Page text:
Viewers are confronted with this stark personal memoir, a map of Jarrett’s own construction, and presented with the opportunity to see their own autobiographical experiences mapped out as well. Accompanying Site/Map/Photograph (2013) is Dressing (Conditioned #12,549) (2012) to the left, consisting of three glass bottles of olive oil, filled with a variety of elements including water, vinegar, a hair net, and human hair. The number three mirrored here creates a symmetrical correlation, strengthening Jarrett’s presentation. The bottles play off of this notion of “dressing”: oil as dressing for food, and as dressing to tame hair; “conditioned” as in conditioner, and as in an aspect of social conditioning, the means by which one presents an image of oneself. The number in the title perhaps quantifies the tediousness of this repetitive task, this daily conditioning, yet also the detail and care that go into its performance, becoming much like a ritual. In this one item are harnessed facets of an individual strength and identity.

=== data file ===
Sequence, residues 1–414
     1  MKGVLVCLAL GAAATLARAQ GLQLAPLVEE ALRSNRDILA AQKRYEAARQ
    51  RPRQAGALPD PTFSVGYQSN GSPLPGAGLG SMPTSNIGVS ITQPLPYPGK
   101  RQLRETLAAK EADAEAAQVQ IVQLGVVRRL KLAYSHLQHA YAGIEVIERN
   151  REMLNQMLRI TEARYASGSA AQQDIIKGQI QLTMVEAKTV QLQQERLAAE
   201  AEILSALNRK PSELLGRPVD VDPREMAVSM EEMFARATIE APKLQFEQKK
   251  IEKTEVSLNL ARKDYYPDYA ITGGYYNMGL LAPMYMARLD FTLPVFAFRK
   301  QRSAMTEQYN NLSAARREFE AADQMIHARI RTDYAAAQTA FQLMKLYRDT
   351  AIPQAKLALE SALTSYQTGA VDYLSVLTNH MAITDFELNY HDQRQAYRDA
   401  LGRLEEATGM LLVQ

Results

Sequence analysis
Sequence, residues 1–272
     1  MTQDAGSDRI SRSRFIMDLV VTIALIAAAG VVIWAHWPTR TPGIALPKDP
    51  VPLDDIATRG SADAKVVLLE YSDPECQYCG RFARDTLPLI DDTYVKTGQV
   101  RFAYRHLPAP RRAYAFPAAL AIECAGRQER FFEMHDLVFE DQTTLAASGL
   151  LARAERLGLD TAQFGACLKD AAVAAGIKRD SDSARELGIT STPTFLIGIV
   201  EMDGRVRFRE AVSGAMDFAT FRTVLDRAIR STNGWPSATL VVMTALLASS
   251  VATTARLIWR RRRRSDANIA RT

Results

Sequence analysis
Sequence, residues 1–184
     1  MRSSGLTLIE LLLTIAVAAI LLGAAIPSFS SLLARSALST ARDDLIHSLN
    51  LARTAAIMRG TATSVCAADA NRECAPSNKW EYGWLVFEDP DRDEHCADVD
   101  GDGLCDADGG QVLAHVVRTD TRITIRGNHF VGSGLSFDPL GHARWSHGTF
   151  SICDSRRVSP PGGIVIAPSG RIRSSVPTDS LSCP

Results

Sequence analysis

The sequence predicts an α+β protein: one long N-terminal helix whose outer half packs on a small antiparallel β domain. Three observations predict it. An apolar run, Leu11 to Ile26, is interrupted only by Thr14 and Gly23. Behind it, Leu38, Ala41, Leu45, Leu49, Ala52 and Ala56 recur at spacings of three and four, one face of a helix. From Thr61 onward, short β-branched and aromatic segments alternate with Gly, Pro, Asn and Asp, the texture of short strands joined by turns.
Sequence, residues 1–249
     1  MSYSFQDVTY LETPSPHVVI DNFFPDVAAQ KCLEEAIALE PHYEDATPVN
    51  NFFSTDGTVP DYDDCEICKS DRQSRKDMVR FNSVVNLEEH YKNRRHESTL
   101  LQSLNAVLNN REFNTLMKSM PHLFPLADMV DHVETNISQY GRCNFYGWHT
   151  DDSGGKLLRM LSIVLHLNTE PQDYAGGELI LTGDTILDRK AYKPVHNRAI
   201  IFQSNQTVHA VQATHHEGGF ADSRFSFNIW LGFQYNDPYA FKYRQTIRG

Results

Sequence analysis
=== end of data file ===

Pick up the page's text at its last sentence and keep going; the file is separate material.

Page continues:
Photographs taken by Intisar Abioto are hung catty-corner to one another—an eye-grabbing photo of a woman wearing a crown, as if presenting for a headshot, finds itself in conversation with two other photographs of women on the opposing wall. The series of photographs is titled Our crown has already been bought and paid for (2016), borrowing author and social critic James Baldwin’s acclaimed quote. The images depict women clad in white, appearing regal and ceremonial. Smiling and rejoicing, sometimes making eye contact with the camera, each woman dons a headpiece with a tassel, with the exception of the aforementioned image of the woman in the crown, who also wears a medal around her neck. Their regalia suggests valor in the face of their Blackness and womanhood.